This is a short update as Alex has just put together our usual monthly newsletter, which I hope you all receive. (If not, do sign up for these on our homepage!)
I also hope you got our impact survey earlier in the week – if you didn’t, you can access it here via this Survey Monkey link – or drop me a line and I can send you further information. We’re keen to get as full a picture as possible of the global impacts of COVID-19 on the INTO family and really welcome your participation!
Here is an article by Karin Taylor about the impacts of COVID-19 on Fiji. Karin spent time with the National Trust for Fiji on a TAP-INTO project earlier in the year in her role as Head of Planning for the National Trust of England, Wales and Northern Ireland. “The recovery of the tourism sector is vital to Fiji’s economic recovery following the pandemic”, she writes. “And planning will have a fundamental role to play in how that happens. There are already signs of pressure to encourage economic recovery through development and new infrastructure”.
Please let us know the impacts of COVID-19 on your organisation through our short survey.
This week, two INTO members agreed a new bilateral reciprocal visiting arrangement! Working at pace after the relaxation of quarantine restrictions, Manx National Heritage and the National Trust for Guernsey signed a new deal which allows each other’s members to visit for free. Sounds like some inter-island summer holidays coming up!
It was lovely too to see so many volunteers out in force, raking the NTG’s wild orchid meadow. I wonder whether other INTO members have seen increased interest in outdoor volunteering this year?
And don’t forget to join our wider discussion on reciprocal visiting on 14 July. (Scheduled for 12 noon current UK time – Please use this link to attend.)
Here’s an uncompromising article by Brianna Rhodes, the African American Cultural Heritage Action Fund Fellow for the National Trust for Historic Preservation. She writes: “Activism and protests are not new to the history of the fight against racism. Leaders from the Civil Rights Movement paved the way for those who are amplifying their voices today, and significant sites across the country such as A.G. Gaston Motel and 16th Street Baptist Church in Birmingham, Alabama, continue to tell the narrative of why all Americans should continue to fight for equal treatment.”
So much of our heritage is steeped in the remnants and history of slavery. As we all try to ensure we tell the whole story, here’s an article from Edmund Southworth of Manx National Heritage about the island’s role in the Transatlantic Slave Trade. And a moving film installation at Newstead Abbey (non-INTO) here in the UK. Made by a local Slave Trade Legacies group, it highlights the property’s link to slavery wealth.
Wonderful to see so many more new places opening to the public around the world this week. From Clendon House in the very north of North Island where Heritage New Zealand tells the story of tenacious Jane Clendon, widowed at 34 with eight children – to Robert Adam’s 18th century clifftop masterpiece of Culzean Castle, looked after by the National Trust for Scotland.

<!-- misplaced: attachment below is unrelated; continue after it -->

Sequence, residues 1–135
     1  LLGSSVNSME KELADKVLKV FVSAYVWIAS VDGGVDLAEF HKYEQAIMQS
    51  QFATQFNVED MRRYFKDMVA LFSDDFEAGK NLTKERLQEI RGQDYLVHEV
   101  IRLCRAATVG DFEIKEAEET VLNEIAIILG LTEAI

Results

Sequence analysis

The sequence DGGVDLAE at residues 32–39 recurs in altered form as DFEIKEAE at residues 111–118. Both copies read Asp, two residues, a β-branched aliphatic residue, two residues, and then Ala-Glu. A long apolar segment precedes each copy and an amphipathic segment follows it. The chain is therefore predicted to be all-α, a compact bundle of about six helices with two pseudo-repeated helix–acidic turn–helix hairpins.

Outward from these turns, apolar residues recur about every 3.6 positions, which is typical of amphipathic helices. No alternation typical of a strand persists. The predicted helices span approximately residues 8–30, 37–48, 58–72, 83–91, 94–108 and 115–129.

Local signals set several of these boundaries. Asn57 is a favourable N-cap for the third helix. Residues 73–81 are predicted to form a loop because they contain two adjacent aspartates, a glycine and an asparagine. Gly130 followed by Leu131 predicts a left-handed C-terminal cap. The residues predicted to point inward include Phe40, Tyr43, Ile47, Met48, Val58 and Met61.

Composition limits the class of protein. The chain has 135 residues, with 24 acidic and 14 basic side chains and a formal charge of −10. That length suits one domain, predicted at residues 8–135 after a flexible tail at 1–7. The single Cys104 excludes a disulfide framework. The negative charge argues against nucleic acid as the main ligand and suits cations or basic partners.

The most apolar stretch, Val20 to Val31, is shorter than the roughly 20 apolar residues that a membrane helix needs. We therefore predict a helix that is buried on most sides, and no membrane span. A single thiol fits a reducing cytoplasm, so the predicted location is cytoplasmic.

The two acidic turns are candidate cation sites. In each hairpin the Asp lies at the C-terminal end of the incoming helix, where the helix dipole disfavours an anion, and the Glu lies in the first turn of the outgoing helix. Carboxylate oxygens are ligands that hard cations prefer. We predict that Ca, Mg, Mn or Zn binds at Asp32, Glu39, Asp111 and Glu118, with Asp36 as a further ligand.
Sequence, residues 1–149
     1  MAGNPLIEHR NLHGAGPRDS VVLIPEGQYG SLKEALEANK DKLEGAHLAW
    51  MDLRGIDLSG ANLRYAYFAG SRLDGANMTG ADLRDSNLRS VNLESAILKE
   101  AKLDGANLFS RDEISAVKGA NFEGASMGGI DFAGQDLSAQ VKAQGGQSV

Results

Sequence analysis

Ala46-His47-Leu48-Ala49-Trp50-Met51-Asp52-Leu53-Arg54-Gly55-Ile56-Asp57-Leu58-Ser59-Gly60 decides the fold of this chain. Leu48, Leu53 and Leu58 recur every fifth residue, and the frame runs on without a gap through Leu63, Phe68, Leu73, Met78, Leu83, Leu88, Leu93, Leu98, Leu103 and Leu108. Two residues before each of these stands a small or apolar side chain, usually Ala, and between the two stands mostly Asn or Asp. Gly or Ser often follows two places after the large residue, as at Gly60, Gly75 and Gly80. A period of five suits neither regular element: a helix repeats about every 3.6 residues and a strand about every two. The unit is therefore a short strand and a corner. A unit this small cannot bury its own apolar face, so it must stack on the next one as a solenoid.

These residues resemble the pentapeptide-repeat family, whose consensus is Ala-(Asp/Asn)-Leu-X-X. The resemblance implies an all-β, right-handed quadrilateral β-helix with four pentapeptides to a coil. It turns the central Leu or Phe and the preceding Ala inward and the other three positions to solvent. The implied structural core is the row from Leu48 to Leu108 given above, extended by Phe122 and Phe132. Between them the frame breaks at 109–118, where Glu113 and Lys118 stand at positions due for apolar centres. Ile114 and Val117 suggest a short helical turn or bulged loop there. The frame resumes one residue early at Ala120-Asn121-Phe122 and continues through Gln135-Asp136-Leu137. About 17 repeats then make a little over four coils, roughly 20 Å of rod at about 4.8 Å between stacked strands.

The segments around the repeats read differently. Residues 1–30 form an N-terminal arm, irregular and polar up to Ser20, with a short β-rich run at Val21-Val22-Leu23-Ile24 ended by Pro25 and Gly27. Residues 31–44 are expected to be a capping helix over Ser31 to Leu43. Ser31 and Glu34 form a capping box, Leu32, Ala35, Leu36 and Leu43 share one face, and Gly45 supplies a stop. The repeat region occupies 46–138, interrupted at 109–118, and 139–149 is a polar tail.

On a recent webinar with the NTEWNI, we heard about the importance of digital programming to build engagement and retain membership over the summer. This transition phase will focus on:
The Great Summer Staycation will feature heavily, and content will be based on topics they know work, like going somewhere to unwind, learn, read a book, play.
“Canadians see their local historic places as badges of pride that reflect our nation’s diverse history and culture,” says Natalie Bull, executive director at the National Trust for Canada and INTO Trustee. The new study, Canadians and Heritage Places, reveals widespread support from Canadians for the preservation and celebration of the country’s many heritage places, historic sites and traditional neighbourhoods. 90 per cent of Canadians feel it is important to preserve heritage sites and historic places, with 64 per cent believing that heritage sites help present the country’s collective narrative.
Alex mentioned this year’s edition in the main newsletter, and our European members can apply for the 2021 Awards (until 1 October 2020). Prizes are awarded under the categories of Conservation; Research; Dedicated service by individuals or organisations; and Education, training and awareness-raising.
Really nice to see this partnership between the Bermuda National Trust and the Department of Education. Over 350 primary school children have been involved in online lessons and virtual visits. And in an article about this year’s Architectural Awards, Din l’Art Helwa say “while the COVID-19 pandemic has ground to a halt many people’s lives, the restoration and rehabilitation of heritage sites and their immediate environment have continued at ‘an increased’ pace”. That’s good news, although I know they also have concerns about the rush to build a way out of the crisis.
I just had a lovely email from Lin Goncalves at the National Trust of Zimbabwe, in response to our June Newsletter! She shared a fabulous story about her mother’s best friend, Rosie who was born on St Kilda in 1909. Having been evacuated in 1930, she travelled to Kenya as a nurse after the war, eventually settling in Southern Rhodesia, now Zimbabwe. There’s much more to the story, which Lin is writing up into a biography. Watch this space! She did say that when Susie passed away, she was able to get Rosie’s ashes back to St Kilda with the help of friends from the National Trust for Scotland.
I’m in love with Biscuit, Staff Morale Officer at the Argory, Northern Ireland!